There are two kitchen tools that just scare the sweet bejeezus out of me. The first is a deep fryer. Splattering bacon makes me crazy-nervous in the kitchen (horrible, irrational kitchen thoughts of grease splatters to the eyes), never mind an entire VAT of hot fryer oil, aka molten lava, in your kitchen. The way I see it, no good comes of this item…you either end up with high-calorie, fat-laden foods or a catastrophe. Hence, I do not own a fryer of any type.

The second is the demure mandoline slicer. It sounds perfectly musical and lovely with that sleek name, but one slip and there goes the tip of an appendage, right into your cole slaw. How much does this thing make me nervous? I finally bought one at Williams-Sonoma back at Christmastime but only just found the moxie to pull it out of the box and use it last night. It sat there for months, looking at me from the  cabinet, beckoning…like a devil wanting to lure you to the dark side.

CSA share #3 arrived this past Monday and in the haul were two beets. Count ’em, two! I told you that sharing-a-share had its silly moments. Like the ONE leek that we got this week, too. What am I going to do with ONE leek? This leek is crazy-long, too. If I were a band majorette, it would be the perfect, organic baton to lead the band. But no band. Alas.

I decided that this season, if any recipes were offered by the farm (which they usually are), I would try them. After all, it’s always nice when: 1. a recipe lands in your lap and 2. you actually have the ingredients for it. So, along with the beets came two recipes. The first was for roasted beets with feta, which I have made before and if you like beets, you’ll love them roasted. You’ll want to eat the entire tray. And paired with the feta, it makes a visually beautiful dish. One caveat: don’t stir this mixture. Your feta will turn a pretty ghastly pink.

The second recipe was for beet chips. On Monday, I made another batch of kale chips, so why not try transforming another vegetable into a chip (minus the use of a deep fryer)? I do love those Terra Chips, too, that you can buy…but hate that you get about 5 of them in a bag and with what they cost, that averages about seventy-five cents a chip. Let’s make my own! And this is my chance to use the….the…mandoline! I have BOTH the crazy kitchen tool AND the ingredients for this recipe. When does this actually happen? A Culinary Perfect Storm. Just no George Clooney with just the right amount of facial scruff anywhere in my kitchen. Dang.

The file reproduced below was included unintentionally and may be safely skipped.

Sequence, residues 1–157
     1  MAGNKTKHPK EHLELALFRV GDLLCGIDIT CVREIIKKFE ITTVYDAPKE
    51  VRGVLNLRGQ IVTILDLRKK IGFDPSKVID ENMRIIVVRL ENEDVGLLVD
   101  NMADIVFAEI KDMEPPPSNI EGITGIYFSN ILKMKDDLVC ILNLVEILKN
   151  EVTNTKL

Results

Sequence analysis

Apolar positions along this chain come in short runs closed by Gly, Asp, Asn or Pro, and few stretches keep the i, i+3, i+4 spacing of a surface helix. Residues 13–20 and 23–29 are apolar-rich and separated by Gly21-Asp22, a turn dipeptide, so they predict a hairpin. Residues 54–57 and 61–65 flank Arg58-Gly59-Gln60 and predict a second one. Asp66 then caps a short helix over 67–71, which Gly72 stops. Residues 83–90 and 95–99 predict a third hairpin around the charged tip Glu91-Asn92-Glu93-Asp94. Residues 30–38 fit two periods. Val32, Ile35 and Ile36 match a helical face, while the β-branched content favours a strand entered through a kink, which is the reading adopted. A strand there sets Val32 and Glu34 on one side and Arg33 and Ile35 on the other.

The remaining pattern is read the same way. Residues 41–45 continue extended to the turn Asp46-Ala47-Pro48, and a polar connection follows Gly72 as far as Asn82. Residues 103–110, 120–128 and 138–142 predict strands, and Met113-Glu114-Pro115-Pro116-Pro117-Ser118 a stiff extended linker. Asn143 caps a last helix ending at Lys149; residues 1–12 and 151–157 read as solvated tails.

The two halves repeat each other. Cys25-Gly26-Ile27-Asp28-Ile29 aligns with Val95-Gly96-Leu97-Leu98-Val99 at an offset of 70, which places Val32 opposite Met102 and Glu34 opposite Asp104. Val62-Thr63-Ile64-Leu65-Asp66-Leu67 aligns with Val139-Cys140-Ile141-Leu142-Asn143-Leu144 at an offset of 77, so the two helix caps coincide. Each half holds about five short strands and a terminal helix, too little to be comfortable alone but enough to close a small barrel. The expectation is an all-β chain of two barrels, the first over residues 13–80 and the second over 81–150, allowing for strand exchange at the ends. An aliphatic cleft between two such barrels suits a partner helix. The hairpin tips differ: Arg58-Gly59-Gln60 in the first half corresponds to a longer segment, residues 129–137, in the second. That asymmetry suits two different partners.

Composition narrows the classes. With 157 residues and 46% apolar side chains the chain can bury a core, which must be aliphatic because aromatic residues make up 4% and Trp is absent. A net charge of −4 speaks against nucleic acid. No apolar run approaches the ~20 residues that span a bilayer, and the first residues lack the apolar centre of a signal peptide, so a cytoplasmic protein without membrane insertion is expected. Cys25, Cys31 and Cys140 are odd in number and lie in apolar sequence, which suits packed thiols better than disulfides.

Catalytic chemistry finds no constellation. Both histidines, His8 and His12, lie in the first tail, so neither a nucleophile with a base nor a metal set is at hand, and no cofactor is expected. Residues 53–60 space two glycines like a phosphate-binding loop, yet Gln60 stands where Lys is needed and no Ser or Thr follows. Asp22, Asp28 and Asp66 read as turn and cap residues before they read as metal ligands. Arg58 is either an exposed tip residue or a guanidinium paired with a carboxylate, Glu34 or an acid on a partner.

Out comes the terrifying mandoline. Part of me wants to put the kids on alert in the event large bandages are needed, but I think better of that so as not to totally freak them out and stunt their culinary growth for all eternity.

Hello, beets (both of you). Hello, mandoline. You scare me.

This little beet chip event was tricky for several reasons. I’m trying to use this mandoline thing for the first time without slicing off my fingers AND I’m dealing with slippery raw beets that stain anything in a nano-second. Which do I sacrifice? My fingers? My counter? My dress? GAH! Given the highly pigmented nature of the veggie I’m about to slice, anyway you slice it (yes, I did just say that), the kitchen is going to look like the scene of a grisly murder. Blood or beets, there’s going to be red all over.

Slowly, tentatively, I place the first slippery bugger on the mandoline and grasp it with the shield  that is supposed to protect your fingers. The trouble is that is doesn’t work so well on a small-ish, slick, beet. Good lord. Goodbye, fingers, it’s been nice knowing you. My mind keeps flashing to my elementary school substitute art teacher who was enthralling to the kids because she was missing the top third of her ring finger on one hand because of a “bad paper slicer incident”. *shiver*

Again, good lord.

Gathering my moxie, I begin to man-do-line…..what the heck is the verb that you use with this machine, anyway? Just “slice”? That seems rather proletariat for such a specialty gadget. Ok. I slice. And slice some more, in an oddly…easy… way.

It works. Great googly-moogly, it works and I didn’t lose a finger. AND I have two sliced beets to prove it. They were sliced so beautifully, that I actually pulled out my camera and took two of the worst photos ever of beets. Between the glare of the kitchen light and the glare of the baking sheet…forget it. But, at least, there’s some kind of proof.

Which brings us to the next issue. Shrinkage. Did you know that when you put gorgeously sliced beets on a tray and pop them into a 350 oven for about 1/2 hour, they dwindle to the size of nickels and quarters? Yup. If you don’t weight the beets with another tray, this is what you get. Beet Shrinky-Dinks.

Mandolining (again, what verb?): a success.

Beet chip making: a success given that they tasted fabulous when baked and if you were to scatter them on a salad they would be a cool and unusual addition to said salad.

Not a success is that you would need about 15 pounds of them to make a bowlful. And would your fingers survive to tell the tale?

beetsbeetsmade(beet after baking on left and beet before baking on right. See, serious shrinkage)

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